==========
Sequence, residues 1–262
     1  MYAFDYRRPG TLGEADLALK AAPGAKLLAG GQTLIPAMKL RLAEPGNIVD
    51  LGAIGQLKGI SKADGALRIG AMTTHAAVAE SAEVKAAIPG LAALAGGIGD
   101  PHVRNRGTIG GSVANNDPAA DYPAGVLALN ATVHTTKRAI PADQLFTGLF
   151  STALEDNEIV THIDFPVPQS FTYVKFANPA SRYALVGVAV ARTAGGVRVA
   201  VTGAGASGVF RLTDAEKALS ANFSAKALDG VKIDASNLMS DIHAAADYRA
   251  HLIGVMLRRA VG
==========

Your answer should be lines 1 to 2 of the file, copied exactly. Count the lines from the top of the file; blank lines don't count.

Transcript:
Sequence, residues 1–262
     1  MYAFDYRRPG TLGEADLALK AAPGAKLLAG GQTLIPAMKL RLAEPGNIVD